Pilots made redundant in the wake of the Covid-19 outbreak say the government needs to consider tax relief for many like them who cannot access the wage subsidy nor the benefit, in a market where there's fewer jobs and higher unemployment.
When former pilot Kit Alexander's daughter bought him her pocket money so he could buy a coffee during his pizza delivery shift, he admits things got a bit emotional.
But Alexander said he felt fortunate compared to most people, given what was happening with Covid-19.
He was made redundant by Virgin Australia, which closed its New Zealand bases at the start of April, wiping out around 600 jobs. He had been with the company for 12 years.
"I've applied for a lot of different jobs but there's not a lot out there. I'm grateful to have a part-time job stacking shelves at New World and delivering food for Pizza Hut and KFC.
"The difficult thing for a lot of people is there is no future for them in New Zealand for a long time and employers look at you as not having transferable skills."
He suspects the delivery work will come to a halt soon, as more normal life returns.
Alexander has a mortgage and bills to pay but keeps repeating how "lucky" he is compared to others though.
"I am very lucky to get that redundancy. That's keeping us afloat at the moment."
However, he is worried about other colleagues who have just bought homes and tens of thousands of people who are going to lose their jobs in the coming months.
Like more than 5000 others he has signed a petition asking the government to stop taxing redundancy payments during the pandemic. The rate can be as high as 33 percent. The petition is due to be presented to Parliament this week.
Alexander said he and many people made redundant were "falling into a gap" because they couldn't get the wage subsidy nor a benefit for some time.
"Tax and redundancy law needs to change because it doesn't take into account a situation like this pandemic. It feels like the government is helping lots of people, which is really great, but many people are falling through. We've all spent years paying our taxes. And we're just the first wave of this … it's going to be a much greater problem in the future."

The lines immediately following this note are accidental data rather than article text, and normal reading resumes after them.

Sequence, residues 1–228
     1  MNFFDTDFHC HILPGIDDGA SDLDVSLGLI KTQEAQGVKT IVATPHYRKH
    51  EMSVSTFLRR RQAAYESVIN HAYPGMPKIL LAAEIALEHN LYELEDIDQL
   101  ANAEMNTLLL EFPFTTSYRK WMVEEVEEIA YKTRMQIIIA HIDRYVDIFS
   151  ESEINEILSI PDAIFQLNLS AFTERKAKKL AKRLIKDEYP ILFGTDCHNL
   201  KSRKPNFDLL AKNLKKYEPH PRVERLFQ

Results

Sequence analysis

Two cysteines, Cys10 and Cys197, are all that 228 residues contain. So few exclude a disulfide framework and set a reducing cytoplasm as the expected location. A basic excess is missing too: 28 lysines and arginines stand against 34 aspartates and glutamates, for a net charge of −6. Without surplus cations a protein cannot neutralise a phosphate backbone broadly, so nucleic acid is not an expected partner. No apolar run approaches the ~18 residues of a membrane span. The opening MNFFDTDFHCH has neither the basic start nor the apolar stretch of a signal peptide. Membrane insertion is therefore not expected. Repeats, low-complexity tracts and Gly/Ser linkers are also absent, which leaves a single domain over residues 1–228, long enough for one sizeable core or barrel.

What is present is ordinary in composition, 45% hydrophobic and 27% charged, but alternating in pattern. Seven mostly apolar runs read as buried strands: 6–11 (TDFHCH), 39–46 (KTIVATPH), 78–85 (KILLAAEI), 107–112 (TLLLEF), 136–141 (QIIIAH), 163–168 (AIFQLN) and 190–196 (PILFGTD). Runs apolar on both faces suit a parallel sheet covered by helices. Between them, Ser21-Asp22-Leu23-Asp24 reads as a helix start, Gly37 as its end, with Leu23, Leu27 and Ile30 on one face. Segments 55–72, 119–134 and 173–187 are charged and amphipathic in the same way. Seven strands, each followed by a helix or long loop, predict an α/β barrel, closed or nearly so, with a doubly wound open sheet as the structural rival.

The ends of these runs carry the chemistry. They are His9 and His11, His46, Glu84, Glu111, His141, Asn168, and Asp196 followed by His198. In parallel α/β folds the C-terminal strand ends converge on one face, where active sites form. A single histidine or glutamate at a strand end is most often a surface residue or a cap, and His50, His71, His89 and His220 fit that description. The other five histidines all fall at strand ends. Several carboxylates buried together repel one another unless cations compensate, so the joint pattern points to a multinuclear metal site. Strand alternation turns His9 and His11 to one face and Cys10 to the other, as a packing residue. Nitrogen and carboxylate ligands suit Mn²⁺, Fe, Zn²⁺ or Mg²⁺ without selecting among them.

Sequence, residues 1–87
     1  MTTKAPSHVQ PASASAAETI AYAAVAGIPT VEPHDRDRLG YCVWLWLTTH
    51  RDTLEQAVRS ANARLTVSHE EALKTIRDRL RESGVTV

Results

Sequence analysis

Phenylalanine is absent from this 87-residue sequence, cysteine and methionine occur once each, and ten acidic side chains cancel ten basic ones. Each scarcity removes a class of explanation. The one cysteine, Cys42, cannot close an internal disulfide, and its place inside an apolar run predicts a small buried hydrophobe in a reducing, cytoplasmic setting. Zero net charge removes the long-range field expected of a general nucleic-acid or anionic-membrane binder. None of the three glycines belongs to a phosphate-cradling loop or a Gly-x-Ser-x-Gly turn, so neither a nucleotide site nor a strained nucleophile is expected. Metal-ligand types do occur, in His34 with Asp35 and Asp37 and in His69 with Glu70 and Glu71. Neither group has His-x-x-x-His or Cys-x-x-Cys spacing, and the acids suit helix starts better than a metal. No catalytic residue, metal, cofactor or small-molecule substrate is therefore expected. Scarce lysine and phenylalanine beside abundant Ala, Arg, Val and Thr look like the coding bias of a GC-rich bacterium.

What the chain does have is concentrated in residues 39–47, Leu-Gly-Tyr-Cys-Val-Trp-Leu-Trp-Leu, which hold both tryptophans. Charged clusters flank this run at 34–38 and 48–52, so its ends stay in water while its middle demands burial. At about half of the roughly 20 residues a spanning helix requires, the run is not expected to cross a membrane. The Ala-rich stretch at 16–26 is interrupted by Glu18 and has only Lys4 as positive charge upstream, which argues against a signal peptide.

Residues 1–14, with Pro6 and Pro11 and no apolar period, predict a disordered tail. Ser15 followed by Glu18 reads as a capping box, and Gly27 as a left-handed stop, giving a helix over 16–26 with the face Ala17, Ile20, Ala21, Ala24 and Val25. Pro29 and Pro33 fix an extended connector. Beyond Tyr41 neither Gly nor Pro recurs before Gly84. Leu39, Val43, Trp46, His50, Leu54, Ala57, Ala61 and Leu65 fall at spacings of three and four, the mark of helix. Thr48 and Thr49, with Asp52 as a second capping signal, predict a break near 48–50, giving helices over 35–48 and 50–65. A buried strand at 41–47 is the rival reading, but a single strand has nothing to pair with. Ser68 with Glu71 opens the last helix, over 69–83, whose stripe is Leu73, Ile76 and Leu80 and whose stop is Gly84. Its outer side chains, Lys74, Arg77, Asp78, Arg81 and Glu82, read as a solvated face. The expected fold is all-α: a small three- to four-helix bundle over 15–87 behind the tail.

Given the circumstances, he'd also like to see the removal of the factors which can delay payment of a benefit like holiday pay, sick pay, long service leave and pay in lieu of notice.
'The timing couldn't be worse'
Fellow former Virgin pilot Peter Briant agreed. He said giving people tax relief around their redundancy payments would give them a greater chance of surviving financially.
He and his wife, Rebecca, and their two children, are in a rented property at the moment as they had not long started building a home.
"The timing couldn't be worse," he says.
However, he and Rebecca still consider themselves luckier than most but they are weighing up what to do. The house may have to be sold and a move back to Australia is being discussed.
They don't want to go though. They moved to New Zealand with their two children about four years ago and they love it here. It is home.
Briant, who also has a business degree, has found a job sorting parcels with NZ Post. He's very grateful but the money is not enough to pay the rent.
"It's hard to convince people you have transferable skills. The whole legislation around tax and redundancy needs to change so the money can last longer."
His wife said it didn't matter which industry one was in at the moment, being made redundant is like being a "forgotten casualty".
Last week 300 Air New Zealand pilots lost their jobs under an agreement reached on the future of 1200 jet pilots employed by the airline.